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Pregnant employees still face workplace discrimination

It wasn't so long ago that employers were able to blatantly fire someone simply because they became pregnant. Before the Pregnancy Discrimination Act of 1978 become law, it was perfectly lawful to refuse to hire someone, or not provide them with promotional opportunities, or to fire them if they became pregnant and there was no job security for women who took maternity leave.

While Texas employees are entitled to up to 12 weeks of leave under the Family Medical Leave Act, that time is typically unpaid and can lead to financial hardship for some families. As a result, many women choose to work as long as they possibly can up until the point that they have their child to maintain that necessary income.

While Texas employees are entitled to up to 12 weeks of leave under the Family Medical Leave Act, that time is typically unpaid and can lead to financial hardship for some families. As a result, many women choose to work as long as they possibly can up until the point that they have their child to maintain that necessary income.

As the pregnancy progresses, some work environments become less comfortable and some jobs become harder to do. For example, women who work in manufacturing jobs or in jobs where they are on their feet for most of the day may struggle to continue to stand for many hours during their pregnancy. In fact, it may be unhealthy to continue to stand for many hours or to do other physically demanding tasks.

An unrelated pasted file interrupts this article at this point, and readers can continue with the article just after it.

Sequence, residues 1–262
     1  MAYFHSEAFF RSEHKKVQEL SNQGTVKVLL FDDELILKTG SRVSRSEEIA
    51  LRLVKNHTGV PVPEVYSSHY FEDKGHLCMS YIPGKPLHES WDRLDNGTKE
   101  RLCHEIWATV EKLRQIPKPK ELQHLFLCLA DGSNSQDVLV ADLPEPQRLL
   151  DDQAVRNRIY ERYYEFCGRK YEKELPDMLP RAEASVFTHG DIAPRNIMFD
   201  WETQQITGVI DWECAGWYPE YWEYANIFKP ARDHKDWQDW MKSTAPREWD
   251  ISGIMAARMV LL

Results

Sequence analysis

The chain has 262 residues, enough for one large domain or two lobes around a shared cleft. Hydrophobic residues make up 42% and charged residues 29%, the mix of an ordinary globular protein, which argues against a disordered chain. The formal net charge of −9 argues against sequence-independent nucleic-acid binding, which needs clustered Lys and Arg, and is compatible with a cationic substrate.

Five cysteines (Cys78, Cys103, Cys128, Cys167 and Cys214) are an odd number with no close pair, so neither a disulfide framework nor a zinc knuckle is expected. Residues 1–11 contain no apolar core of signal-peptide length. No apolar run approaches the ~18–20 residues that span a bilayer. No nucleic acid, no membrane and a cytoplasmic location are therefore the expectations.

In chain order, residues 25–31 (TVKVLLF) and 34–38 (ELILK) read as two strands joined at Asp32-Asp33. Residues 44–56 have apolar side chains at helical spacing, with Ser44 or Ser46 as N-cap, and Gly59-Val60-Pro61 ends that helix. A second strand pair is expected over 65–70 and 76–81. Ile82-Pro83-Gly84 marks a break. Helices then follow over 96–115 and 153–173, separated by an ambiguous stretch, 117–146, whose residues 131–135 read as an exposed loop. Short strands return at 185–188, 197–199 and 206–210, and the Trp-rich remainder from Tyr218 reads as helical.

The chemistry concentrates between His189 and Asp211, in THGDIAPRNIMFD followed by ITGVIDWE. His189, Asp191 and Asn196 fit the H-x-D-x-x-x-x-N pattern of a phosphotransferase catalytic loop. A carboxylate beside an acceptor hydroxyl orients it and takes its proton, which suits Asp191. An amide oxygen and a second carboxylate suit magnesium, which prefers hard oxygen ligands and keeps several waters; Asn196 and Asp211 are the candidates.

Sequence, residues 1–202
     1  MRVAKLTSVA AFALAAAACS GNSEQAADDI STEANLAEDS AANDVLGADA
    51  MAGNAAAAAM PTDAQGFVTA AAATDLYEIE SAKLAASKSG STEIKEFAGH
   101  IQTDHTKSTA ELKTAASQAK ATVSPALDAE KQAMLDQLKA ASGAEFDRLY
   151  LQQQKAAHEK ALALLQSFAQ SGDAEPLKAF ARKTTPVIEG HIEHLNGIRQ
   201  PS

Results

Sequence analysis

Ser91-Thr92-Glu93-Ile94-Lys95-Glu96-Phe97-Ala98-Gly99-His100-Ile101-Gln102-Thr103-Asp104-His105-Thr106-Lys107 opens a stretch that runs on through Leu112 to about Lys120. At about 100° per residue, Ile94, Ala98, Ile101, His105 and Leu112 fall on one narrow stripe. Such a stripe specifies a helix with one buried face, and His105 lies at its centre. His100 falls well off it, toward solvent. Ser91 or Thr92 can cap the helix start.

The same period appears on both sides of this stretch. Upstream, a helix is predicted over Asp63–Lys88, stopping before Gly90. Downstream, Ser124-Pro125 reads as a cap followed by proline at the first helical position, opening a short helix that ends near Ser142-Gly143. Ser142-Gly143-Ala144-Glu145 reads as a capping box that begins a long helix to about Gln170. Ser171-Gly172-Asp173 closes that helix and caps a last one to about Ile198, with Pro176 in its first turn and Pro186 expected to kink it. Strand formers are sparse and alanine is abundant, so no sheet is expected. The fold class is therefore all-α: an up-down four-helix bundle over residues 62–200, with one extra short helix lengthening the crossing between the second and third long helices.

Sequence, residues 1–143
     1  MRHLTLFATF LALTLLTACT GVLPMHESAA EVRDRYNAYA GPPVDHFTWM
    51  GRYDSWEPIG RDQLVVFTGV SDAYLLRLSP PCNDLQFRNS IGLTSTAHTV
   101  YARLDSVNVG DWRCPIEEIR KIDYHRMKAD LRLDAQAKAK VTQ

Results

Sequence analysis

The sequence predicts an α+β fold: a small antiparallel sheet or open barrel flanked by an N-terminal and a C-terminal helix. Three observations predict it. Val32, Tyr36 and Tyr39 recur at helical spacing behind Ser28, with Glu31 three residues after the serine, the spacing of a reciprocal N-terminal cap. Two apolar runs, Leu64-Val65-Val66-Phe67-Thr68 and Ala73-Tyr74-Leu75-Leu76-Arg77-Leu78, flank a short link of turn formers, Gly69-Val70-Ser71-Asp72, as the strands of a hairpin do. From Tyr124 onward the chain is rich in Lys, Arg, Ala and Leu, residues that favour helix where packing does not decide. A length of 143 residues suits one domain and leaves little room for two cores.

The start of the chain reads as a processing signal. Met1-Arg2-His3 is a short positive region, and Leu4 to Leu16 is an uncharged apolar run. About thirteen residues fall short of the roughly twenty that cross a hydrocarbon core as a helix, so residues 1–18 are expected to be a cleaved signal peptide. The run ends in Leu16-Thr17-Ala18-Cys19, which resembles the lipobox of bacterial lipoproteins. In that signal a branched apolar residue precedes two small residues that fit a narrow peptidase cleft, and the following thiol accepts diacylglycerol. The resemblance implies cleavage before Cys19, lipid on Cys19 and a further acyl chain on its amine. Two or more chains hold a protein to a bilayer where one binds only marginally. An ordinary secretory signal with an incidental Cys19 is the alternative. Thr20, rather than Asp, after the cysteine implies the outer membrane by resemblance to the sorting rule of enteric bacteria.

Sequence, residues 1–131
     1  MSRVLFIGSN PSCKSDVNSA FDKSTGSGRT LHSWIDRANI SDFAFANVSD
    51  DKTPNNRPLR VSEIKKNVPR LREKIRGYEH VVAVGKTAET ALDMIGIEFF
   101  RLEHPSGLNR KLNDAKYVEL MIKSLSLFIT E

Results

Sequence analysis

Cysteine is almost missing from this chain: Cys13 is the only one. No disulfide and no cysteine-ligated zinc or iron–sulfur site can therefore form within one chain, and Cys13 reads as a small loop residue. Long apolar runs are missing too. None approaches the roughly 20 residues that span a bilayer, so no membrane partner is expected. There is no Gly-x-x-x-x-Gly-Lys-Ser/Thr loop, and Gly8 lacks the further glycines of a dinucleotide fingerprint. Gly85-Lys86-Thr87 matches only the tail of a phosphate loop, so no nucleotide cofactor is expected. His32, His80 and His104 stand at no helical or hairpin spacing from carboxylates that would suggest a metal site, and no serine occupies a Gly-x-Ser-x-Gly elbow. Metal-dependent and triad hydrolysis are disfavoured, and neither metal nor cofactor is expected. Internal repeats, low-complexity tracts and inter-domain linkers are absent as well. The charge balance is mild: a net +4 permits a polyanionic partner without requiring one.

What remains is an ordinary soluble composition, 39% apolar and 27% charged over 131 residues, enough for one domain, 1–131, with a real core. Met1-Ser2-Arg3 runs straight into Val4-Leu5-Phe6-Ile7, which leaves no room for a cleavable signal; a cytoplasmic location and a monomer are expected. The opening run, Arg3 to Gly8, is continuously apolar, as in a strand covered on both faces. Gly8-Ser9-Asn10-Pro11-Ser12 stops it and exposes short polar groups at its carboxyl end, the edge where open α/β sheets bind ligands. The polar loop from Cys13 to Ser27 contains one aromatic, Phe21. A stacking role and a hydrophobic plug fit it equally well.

These women shouldn't have to choose between their jobs and their health and most Texas readers would agree that it makes sense to afford reasonable accommodations to them to help them stay at work and remain healthy. Under the Americans with Disabilities Act, the Equal Employment Opportunity Commission requires employers to provide those accommodations the same way that they would for an employee that is temporarily disabled for any other reason.

However, the unfortunate truth is that many women are afraid to ask for accommodations for fear of retaliation and many don't know their rights under these employment laws and protections for pregnant employees aren't as strong as those with other types of disabilities. Earlier this year a new law was introduced to Congress to help strengthen protection, called the Pregnant Workers Fairness Act. This law would specifically address the needs of pregnant workers and close what some activists say are loopholes in the original Pregnancy Discrimination Act.

Source: Philadelphia Post-Inquirer, "Pregnancy discrimination: a real-world challenge," Bette Begleiter and JoAnne Fischer, Jan. 8, 2012.

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